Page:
The lack of tinkering with pensions in the recent budget has been welcomed by the industry. Surprisingly pensions were not even mentioned despite speculation beforehand that ‘pensions could be a budget victim’ to help pay for the promised increased spending for the NHS.

Whilst we welcome the continuation of the status quo allowing advisers and clients to plan accordingly, we fear that any meaningful change has been delayed only as a result of more pressing issues on the Government agenda and the lack of a clear majority to bring in any radical changes.

There were no changes to the annual allowance, tapered annual allowance or money purchase annual allowance.

The only change is to the lifetime allowance which will increase by CPI to £1,055,000 from April 2019 (from £1,030,000 currently).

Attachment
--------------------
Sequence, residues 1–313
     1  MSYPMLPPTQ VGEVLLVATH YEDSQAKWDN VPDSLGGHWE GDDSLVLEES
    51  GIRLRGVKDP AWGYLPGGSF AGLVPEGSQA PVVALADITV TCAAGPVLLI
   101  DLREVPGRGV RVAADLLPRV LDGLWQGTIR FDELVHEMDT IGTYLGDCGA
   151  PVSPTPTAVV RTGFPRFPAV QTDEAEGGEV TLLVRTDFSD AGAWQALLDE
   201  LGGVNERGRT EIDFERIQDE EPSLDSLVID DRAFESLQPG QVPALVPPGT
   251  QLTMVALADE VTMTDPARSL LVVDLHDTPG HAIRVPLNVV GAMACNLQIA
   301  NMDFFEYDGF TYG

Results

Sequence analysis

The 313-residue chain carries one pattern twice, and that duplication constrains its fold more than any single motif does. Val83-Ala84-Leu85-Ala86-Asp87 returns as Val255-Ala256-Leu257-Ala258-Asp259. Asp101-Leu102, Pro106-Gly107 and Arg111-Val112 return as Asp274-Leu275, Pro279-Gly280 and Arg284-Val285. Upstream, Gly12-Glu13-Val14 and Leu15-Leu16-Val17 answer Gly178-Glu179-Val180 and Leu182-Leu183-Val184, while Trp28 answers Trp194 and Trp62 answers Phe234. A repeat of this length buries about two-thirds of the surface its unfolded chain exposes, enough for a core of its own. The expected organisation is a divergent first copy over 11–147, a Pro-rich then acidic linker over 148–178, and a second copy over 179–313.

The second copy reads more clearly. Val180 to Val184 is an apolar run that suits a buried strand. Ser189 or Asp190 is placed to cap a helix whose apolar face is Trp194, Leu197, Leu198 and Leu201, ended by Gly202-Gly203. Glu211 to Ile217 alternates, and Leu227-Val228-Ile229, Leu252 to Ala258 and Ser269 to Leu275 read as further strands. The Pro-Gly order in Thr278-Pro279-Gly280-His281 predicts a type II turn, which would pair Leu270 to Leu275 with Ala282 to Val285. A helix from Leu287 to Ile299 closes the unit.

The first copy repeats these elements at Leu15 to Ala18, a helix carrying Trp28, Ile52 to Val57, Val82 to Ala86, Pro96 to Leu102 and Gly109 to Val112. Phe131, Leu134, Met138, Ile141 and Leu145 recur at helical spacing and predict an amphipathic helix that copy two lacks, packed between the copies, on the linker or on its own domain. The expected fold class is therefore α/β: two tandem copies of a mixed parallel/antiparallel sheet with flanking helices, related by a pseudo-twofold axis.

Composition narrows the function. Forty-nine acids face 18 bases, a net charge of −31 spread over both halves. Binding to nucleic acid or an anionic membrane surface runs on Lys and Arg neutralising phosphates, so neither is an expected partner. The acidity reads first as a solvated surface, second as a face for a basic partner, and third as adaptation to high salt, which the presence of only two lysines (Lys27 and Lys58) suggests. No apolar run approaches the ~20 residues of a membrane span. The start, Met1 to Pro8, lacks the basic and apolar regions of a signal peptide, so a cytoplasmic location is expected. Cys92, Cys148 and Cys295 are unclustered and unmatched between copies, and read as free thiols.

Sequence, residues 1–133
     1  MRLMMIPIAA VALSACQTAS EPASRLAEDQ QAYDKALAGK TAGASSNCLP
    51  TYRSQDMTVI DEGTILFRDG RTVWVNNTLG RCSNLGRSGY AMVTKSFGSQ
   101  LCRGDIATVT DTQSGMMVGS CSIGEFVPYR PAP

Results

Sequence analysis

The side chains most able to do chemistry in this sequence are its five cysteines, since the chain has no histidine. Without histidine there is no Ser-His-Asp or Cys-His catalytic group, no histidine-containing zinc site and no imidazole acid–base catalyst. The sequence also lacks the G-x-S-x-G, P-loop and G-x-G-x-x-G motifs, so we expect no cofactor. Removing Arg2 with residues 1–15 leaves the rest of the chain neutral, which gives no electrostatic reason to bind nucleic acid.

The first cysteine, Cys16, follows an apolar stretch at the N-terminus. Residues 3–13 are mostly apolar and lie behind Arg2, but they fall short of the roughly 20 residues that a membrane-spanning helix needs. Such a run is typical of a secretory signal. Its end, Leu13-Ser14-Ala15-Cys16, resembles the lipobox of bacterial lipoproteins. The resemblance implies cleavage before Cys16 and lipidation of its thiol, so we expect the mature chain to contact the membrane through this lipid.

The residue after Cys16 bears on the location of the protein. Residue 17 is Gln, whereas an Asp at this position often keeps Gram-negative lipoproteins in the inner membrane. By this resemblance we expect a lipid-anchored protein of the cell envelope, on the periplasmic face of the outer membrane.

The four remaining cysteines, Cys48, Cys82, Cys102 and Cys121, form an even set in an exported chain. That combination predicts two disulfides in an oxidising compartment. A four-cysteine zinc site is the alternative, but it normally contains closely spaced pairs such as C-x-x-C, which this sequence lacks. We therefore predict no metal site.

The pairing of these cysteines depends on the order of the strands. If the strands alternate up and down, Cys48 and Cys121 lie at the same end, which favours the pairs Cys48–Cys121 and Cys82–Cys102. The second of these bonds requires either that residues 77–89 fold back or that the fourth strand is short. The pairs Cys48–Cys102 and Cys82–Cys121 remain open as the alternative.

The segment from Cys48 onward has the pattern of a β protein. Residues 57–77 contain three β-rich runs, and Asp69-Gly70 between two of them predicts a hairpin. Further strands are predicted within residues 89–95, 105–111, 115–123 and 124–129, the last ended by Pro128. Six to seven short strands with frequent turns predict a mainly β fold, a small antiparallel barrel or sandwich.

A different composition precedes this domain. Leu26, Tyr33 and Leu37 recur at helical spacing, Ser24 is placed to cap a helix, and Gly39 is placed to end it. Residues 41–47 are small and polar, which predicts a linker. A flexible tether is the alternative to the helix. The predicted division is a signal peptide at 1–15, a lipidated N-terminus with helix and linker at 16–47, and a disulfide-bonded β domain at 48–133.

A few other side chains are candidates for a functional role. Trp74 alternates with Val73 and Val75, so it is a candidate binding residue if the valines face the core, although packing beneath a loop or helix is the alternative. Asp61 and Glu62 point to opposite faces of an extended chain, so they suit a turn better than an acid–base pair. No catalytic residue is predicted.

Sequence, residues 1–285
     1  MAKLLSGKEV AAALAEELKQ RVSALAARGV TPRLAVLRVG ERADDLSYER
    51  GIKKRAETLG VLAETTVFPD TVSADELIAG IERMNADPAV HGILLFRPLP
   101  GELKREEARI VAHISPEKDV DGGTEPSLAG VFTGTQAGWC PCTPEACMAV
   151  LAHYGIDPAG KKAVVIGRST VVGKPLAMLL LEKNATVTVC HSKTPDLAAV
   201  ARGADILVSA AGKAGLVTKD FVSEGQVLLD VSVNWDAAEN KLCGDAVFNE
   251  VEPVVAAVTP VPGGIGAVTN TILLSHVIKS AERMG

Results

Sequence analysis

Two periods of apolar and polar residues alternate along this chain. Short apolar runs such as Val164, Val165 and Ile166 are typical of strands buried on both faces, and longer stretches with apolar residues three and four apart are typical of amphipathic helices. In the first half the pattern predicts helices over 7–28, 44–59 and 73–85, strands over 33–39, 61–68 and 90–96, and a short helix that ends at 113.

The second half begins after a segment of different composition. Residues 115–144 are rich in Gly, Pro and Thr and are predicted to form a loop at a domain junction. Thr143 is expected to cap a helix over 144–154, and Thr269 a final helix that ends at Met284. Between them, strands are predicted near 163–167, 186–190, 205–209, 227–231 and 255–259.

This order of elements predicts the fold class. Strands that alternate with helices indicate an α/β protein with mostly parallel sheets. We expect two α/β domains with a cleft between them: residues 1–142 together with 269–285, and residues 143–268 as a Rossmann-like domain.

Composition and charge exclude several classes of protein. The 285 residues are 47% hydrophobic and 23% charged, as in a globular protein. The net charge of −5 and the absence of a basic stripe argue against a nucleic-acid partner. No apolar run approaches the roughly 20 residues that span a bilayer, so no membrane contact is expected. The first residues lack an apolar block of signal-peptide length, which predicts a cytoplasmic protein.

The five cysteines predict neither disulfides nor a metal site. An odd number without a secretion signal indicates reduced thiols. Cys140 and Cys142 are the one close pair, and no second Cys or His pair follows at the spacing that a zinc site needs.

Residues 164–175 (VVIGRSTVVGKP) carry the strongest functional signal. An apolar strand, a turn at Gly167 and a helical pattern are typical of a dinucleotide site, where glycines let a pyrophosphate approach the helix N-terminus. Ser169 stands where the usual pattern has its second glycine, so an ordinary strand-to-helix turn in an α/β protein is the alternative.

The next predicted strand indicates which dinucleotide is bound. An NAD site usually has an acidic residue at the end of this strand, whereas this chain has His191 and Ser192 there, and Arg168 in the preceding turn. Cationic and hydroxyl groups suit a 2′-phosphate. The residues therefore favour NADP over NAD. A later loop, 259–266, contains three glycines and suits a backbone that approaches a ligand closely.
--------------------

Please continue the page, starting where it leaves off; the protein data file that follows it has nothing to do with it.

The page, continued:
However the budget confirmed the Department for Work and Pensions (DWP) will consult later this year on the detailed design for the Pensions Dashboard and that it will ‘include the state pension’ – seen as a very positive move for millions of savers to be able to view their funds for their retirement.

Alongside the budget the Government also published its response to its consultation to ban pension cold calling which is due to be introduced this autumn.

The Chancellor has also left the door open for a spring budget if a Brexit deal fails to materialise. So, although pensions have been largely untouched in this budget, one statement from his speech that we may need to remind the Chancellor of in the future, if he decides to reduce the cost of pension tax relief to the Treasury, is: "I am not in politics to put people’s taxes up”.

So if he subsequently reduces the pension annual allowance or lifetime allowance or reforms pensions as must be the longer term intention, he will have indirectly done so.